Santa Cruz artisan transforms vintage wood into treasured guitars

By Bruce Newman

The philosophical riddle is posed so often it has grown mossy with cliché: If a tree falls in the forest and no one is there to hear it, does it make a sound? It turns out the answer is yes, it makes an amazing sound, although the eruption of this joyful noise may not occur for centuries, when it is sliced into pear-shaped tones at the Santa Cruz Guitar Company.

Just as Michelangelo — a Renaissance master with whom Santa Cruz Guitar guru Richard Hoover likely feels an artistic affinity — believed every block of stone had a statue hidden inside, craftsmen in the Cruz who make artisanal acoustic guitars crave fallen timber for its distinctive timbre. A thin membrane of California sycamore produces small sonic detonations as he taps along its surface.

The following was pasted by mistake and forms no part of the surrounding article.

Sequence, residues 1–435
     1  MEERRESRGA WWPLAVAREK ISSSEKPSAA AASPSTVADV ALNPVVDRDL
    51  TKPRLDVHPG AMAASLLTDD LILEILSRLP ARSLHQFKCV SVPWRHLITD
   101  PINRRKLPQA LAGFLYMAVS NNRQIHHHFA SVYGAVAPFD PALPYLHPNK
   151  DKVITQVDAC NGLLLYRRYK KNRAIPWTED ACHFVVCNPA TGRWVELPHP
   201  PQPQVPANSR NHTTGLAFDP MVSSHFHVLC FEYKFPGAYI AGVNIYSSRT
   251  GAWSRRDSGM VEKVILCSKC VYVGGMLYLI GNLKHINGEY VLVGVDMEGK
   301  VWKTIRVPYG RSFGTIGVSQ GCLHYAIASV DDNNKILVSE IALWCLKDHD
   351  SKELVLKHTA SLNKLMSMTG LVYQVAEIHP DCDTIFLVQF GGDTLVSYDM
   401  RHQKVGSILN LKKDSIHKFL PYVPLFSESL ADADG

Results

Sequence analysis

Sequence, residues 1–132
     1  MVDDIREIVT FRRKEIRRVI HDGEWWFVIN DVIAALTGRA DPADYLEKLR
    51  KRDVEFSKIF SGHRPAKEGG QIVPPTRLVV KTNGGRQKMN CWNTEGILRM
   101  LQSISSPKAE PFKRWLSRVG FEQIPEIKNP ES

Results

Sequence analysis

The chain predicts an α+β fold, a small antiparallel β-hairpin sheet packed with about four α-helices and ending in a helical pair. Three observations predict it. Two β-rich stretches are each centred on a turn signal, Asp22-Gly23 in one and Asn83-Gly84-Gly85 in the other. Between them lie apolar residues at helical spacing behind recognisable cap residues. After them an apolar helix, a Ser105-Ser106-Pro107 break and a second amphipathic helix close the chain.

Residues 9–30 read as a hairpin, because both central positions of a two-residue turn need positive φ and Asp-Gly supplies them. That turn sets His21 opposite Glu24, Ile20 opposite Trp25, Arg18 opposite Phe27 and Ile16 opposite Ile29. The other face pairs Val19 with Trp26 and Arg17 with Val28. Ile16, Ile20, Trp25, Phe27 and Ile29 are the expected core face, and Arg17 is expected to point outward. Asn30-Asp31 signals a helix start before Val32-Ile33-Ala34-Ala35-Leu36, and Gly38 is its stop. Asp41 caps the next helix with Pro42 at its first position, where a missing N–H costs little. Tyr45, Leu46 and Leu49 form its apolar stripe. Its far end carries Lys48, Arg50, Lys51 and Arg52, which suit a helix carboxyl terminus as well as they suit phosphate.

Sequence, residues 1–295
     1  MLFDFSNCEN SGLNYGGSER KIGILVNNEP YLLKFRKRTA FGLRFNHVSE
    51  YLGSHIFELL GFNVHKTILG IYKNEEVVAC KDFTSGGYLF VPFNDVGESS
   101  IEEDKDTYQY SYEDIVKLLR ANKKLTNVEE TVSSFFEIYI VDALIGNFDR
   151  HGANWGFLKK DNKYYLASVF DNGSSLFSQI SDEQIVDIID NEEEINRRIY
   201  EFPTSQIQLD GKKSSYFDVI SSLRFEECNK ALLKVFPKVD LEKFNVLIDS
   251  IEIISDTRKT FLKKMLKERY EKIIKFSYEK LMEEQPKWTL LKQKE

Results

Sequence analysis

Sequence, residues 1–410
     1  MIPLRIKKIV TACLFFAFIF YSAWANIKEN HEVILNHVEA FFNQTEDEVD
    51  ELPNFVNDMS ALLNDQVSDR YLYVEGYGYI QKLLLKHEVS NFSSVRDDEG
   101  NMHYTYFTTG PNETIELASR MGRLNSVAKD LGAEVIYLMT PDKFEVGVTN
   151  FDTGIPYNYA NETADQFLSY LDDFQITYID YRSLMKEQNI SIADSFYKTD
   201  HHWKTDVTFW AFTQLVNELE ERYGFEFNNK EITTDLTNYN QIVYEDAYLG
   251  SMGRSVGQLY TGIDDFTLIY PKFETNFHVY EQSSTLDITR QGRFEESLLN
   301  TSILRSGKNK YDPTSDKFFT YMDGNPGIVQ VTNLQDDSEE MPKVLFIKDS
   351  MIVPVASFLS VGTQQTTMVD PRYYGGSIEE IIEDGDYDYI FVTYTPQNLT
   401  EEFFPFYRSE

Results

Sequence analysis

“Flavors, colors on an artist’s palette, that’s what we’re creating,” says Hoover, whose groundbreaking guitar company is preparing to observe its 35th anniversary.

By harvesting rare rosewood from Brazilian forests cut down in the 1920s, and 100-year-old mahogany planted for Britain’s Royal Navy — a reverberating echo of empire — Hoover has indulged the “scientific romance” of a boutique guitar-making movement that he himself carved out.

For the rest of the article and an excellent slide show of photos from the shop, visit:

Santa Cruz Guitar Company